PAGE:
You are not at all alone. The picture of the Paperblanks range which you posted caused a sharp intake of breath, which was then released in a wistful sigh (really, it was full of wist.) I cannot pass a shelf of Paperblanks or Moleskines without stopping to look, run my fingers over the covers, flick through the ones that aren’t shrink-wrapped and promise myself that as soon as I’ve used up my current notebook (it’s a fairly cheap Pukka Pad which I bought to scribble in while I was on mission in France a couple of summers ago, and yet despite its cheapness I find its compact hard-backness extremely pleasing) I will treat myself to a new, luxurious book. I also have an A5 Paperblanks book which someone gave me one Christmas (she was convinced it was a naff present and couldn’t understand how I was so enraptured) which is kept for writing poems in neat. I have to confess my one gripe with this book is that the paper doesn’t like my fountain pen very much, but I love both book and pen too much to give up on either. If the flat ever takes fire (which it very well might have done last week thanks to a loose connection in the isolating switch on the shower), chances are that as I flee down the stairs I’ll be clutching my oboe in one hand, that book in the other and the cat under one arm.

    Did the new notebook you bought this weekend come from a certain stall in the international market, by any chance?

  2. Sibyl says:

    Well honey, you and I have never agreed on pens. But that is a deeply personal thing. I have had some very expensive fountain pens in my time and I hated every one of them. Messy, scratchy things.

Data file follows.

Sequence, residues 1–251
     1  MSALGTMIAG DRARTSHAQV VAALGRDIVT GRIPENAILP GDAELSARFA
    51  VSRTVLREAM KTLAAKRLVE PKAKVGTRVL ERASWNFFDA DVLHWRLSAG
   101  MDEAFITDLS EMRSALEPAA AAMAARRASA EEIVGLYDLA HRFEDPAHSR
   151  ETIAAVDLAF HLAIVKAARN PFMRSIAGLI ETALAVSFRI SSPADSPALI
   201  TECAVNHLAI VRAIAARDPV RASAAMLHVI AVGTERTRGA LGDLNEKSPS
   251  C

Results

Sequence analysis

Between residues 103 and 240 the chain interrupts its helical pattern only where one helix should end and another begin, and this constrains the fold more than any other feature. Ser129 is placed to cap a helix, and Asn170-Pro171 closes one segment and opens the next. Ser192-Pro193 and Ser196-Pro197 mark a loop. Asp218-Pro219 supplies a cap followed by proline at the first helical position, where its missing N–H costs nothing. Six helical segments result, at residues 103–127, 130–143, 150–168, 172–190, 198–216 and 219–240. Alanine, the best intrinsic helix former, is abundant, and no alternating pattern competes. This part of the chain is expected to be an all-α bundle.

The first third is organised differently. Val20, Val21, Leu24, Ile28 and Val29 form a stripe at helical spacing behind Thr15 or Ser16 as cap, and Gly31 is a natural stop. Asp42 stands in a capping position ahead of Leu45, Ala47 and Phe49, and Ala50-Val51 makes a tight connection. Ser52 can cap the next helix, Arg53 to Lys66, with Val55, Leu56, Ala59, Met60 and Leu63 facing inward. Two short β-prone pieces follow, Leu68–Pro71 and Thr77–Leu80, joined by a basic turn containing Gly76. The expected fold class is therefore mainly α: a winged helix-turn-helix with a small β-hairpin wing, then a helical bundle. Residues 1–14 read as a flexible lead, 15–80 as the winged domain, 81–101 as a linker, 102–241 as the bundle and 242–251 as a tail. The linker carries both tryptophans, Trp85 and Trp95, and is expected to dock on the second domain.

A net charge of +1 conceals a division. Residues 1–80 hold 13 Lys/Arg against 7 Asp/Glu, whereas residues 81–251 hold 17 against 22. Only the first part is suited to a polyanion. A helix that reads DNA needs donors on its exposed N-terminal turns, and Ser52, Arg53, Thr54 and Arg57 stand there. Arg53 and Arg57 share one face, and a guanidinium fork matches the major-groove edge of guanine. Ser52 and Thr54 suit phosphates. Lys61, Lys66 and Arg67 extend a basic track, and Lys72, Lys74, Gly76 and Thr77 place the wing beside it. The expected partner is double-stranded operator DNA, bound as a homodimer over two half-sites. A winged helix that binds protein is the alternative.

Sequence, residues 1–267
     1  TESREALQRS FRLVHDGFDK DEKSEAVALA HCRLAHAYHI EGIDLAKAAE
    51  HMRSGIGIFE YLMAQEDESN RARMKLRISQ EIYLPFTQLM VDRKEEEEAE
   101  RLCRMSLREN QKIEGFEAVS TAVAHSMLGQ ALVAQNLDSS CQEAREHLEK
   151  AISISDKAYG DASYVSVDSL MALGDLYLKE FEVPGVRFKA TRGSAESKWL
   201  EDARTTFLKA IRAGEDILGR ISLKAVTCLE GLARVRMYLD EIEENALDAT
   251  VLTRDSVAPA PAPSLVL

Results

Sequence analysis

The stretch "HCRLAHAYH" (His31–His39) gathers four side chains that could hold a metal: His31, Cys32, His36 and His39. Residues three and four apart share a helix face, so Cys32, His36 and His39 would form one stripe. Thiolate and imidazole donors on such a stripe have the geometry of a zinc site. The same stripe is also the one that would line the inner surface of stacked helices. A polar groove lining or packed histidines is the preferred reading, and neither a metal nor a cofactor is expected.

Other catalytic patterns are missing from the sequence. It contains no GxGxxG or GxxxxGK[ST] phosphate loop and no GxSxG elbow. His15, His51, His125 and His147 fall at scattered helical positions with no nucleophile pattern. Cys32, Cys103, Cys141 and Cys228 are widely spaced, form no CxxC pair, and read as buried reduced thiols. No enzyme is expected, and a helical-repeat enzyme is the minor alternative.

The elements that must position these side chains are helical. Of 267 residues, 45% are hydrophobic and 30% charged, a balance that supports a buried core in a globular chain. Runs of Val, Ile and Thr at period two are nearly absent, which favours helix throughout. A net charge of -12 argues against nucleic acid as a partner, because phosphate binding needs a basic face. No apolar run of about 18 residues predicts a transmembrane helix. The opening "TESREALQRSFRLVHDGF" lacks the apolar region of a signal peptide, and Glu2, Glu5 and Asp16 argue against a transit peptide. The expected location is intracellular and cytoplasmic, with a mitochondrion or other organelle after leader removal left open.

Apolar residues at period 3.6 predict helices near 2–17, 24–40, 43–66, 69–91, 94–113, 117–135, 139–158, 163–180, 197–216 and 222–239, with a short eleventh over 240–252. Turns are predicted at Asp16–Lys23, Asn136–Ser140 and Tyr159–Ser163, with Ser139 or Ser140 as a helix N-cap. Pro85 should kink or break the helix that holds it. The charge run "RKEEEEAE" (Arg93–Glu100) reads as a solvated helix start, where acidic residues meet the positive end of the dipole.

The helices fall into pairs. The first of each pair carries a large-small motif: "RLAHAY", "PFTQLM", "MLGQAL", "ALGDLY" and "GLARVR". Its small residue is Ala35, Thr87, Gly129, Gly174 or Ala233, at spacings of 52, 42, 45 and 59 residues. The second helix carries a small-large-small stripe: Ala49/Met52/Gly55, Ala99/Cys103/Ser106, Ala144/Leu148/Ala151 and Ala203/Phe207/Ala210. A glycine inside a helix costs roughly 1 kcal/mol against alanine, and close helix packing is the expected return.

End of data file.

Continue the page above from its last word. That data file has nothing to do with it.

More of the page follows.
But on the subject of notebooks, I recently piled all mine to one side of my desk. They belong on a shelf, all organised so that they can receive the awe they deserve, but I am out of shelf space. As usual. I haven’t written in any of them. I have some that are so pretty, I handle them the way a curator might handle an original edition of the Bible. But I can’t bring myself to write in them. I wonder if I ever will. It scares me that someone, some day, might pick up this lovely book with it’s leather cover and beautiful, creamy-white paper and actually read what’s in it. Which, as I rarely write anything worth reading, will be extremely disappointing and reduce me tears of shame and suicidal depression.

    Now, the really cheap, Tesco Value notebooks with the slightly grey, extremely thin and manky paper and tacky white covers are perfect. I have filled dozens of them. I am never afraid to write in one. Or spill tea on one. Or tear out pages to use for shopping lists/bookmarks/paper aeroplanes/extra loo-paper.